The nursing field contains several different specialties. Nurses have a chance to develop skills in other areas by switching positions. Many nurses begin as Registered Nurses (RNs) and then become Nurse Practitioners (NPs) as a natural part of professional development.
Though there are some overlaps, these two positions are different.
In this blog, we will explore the following:
- What are the job duties of a nurse practitioner?
- What are the job duties of a registered nurse?
- Similarities between both roles
- Differences between both roles
- Nurse practitioner vs. RN: How to choose the right path for you
What are the job duties of a nurse practitioner?
Nurse practitioners perform many of the same duties that a physician would do. They visit patients, diagnose and create treatment plans. Nurse practitioners also work with patients who have chronic conditions to help manage the situation and make necessary changes.
Additional duties involve:
- Managing other nurses and staff within the clinic
- Ordering diagnostic tests for patients
- Prescribing medicine to patients
- Administer routine and detailed examinations
- Explaining complicated medical and treatment plans to patients and family
- Analyzing tests results to discover causes for symptoms
- Collect information and samples from patients
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What are the job duties of a registered nurse?
Registered nurses act as primary caregivers to patients. They perform the following duties:
- Administer IV medications
- Complete admission assessments
- Develop nursing care plans
- Take verbal orders from a doctor or nurse practitioner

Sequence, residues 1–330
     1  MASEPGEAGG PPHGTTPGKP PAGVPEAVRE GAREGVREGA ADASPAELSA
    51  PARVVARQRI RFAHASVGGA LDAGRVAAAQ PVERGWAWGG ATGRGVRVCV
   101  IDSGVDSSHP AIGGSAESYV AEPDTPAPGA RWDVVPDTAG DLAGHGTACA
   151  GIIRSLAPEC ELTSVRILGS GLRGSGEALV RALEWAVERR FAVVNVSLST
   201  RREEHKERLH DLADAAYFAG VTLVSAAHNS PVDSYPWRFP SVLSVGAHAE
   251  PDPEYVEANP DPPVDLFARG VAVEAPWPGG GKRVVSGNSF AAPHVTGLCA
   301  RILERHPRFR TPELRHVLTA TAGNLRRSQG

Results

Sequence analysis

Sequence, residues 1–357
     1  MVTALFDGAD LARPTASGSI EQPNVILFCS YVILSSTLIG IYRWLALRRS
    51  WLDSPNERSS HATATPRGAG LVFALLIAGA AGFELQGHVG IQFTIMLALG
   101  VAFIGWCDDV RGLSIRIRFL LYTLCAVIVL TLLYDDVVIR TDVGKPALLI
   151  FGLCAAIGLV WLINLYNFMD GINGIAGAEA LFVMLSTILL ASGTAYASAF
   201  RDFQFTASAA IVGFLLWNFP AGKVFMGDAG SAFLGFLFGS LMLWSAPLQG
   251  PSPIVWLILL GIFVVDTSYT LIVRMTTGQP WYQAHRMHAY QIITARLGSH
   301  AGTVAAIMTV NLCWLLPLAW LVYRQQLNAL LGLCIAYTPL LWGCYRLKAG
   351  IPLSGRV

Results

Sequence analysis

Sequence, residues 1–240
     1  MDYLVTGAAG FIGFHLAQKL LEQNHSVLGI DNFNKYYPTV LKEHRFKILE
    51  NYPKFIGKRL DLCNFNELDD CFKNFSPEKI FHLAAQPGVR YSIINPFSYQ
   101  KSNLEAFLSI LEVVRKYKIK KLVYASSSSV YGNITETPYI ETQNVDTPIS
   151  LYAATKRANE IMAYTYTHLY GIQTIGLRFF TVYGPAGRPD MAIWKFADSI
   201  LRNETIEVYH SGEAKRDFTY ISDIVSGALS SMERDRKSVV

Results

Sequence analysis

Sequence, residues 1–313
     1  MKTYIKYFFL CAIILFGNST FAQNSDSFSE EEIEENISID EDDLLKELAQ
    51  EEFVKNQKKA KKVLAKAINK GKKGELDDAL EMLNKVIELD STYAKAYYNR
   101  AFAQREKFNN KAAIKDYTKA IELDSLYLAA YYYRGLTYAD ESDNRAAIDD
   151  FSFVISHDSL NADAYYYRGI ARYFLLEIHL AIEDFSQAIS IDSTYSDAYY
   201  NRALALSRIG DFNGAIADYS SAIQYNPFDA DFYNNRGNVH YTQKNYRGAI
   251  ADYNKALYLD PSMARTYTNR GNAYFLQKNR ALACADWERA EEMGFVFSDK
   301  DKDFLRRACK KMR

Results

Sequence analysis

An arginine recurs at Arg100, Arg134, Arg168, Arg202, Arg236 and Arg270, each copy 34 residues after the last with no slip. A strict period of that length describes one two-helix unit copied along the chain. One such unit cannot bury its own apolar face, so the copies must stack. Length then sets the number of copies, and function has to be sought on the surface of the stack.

- Provide blood products
- Pronounce time of death in long-term care or hospice facilities (only some states allow RNs to do this)
- Access or flush PICC lines, subcutaneous ports, or central lines
- Administer insulin drips, cardiac medication drips, or total parenteral nutrition
- Give chemotherapy medications or administer dialysis
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Similarities between both roles
RNs and NPs both share an ability to specialize and work in diverse environments.
RNs and NPs assist patients in medical settings such as hospitals, urgent care clinics, or long-term care facilities. And in both roles, the nurses work directly with the patient and their families. However, RNs typically work in more types of settings than NPs.
Most nurse practitioners find themselves in a clinical setting while there are some registered nurses who work on cruise ships.
Differences between both roles
There’s a significant pay jump from the RN to NP position. According to the U.S. Bureau of Labor Statistics (BLS), in 2020, the average pay for registered nurses was $80,010, while nurse practitioners’ earned an average of $117,670 per year.
You may wonder why there’s such a significant difference. The reason why nurse practitioners make more money than registered nurses is because they have an advanced degree.
Also, a nurse practitioner’s role is more expansive than that of a registered nurse. The nurse practitioner has much more responsibility and autonomy than the registered nurse. In some states, nurse practitioners work autonomously and have their own practices.
Below is a map of the average nurse practitioner and registered nurses salaries for every state.
Average Nurse Practitioner Salary by State
Average Registered Nurse Salary by State